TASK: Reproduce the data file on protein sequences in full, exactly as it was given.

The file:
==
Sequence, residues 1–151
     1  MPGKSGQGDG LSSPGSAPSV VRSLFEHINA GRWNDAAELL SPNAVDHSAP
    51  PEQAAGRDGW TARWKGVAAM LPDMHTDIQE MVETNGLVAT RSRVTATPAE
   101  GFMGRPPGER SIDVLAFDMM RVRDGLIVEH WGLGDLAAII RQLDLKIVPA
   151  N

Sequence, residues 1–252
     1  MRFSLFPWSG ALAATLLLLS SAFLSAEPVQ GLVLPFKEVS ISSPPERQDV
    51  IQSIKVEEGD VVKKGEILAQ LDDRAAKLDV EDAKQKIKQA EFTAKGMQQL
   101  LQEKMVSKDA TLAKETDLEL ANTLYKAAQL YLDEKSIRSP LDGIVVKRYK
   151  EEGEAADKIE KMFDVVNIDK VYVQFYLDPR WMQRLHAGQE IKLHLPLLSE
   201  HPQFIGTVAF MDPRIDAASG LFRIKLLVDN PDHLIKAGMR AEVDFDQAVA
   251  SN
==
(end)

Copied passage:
Sequence, residues 1–151
     1  MPGKSGQGDG LSSPGSAPSV VRSLFEHINA GRWNDAAELL SPNAVDHSAP
    51  PEQAAGRDGW TARWKGVAAM LPDMHTDIQE MVETNGLVAT RSRVTATPAE
   101  GFMGRPPGER SIDVLAFDMM RVRDGLIVEH WGLGDLAAII RQLDLKIVPA
   151  N

Sequence, residues 1–252
     1  MRFSLFPWSG ALAATLLLLS SAFLSAEPVQ GLVLPFKEVS ISSPPERQDV
    51  IQSIKVEEGD VVKKGEILAQ LDDRAAKLDV EDAKQKIKQA EFTAKGMQQL
   101  LQEKMVSKDA TLAKETDLEL ANTLYKAAQL YLDEKSIRSP LDGIVVKRYK
   151  EEGEAADKIE KMFDVVNIDK VYVQFYLDPR WMQRLHAGQE IKLHLPLLSE
   201  HPQFIGTVAF MDPRIDAASG LFRIKLLVDN PDHLIKAGMR AEVDFDQAVA
   251  SN